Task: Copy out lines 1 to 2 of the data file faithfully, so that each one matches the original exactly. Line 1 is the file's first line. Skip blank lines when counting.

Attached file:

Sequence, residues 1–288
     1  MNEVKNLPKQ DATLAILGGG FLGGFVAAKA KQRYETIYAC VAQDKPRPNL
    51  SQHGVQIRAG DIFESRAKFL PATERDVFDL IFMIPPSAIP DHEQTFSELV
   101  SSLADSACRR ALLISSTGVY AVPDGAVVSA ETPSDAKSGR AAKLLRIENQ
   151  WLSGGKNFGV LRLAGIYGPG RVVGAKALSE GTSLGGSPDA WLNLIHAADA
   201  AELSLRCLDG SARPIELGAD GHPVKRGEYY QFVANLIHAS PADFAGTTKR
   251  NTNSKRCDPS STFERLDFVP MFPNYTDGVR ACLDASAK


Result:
Sequence, residues 1–288
     1  MNEVKNLPKQ DATLAILGGG FLGGFVAAKA KQRYETIYAC VAQDKPRPNL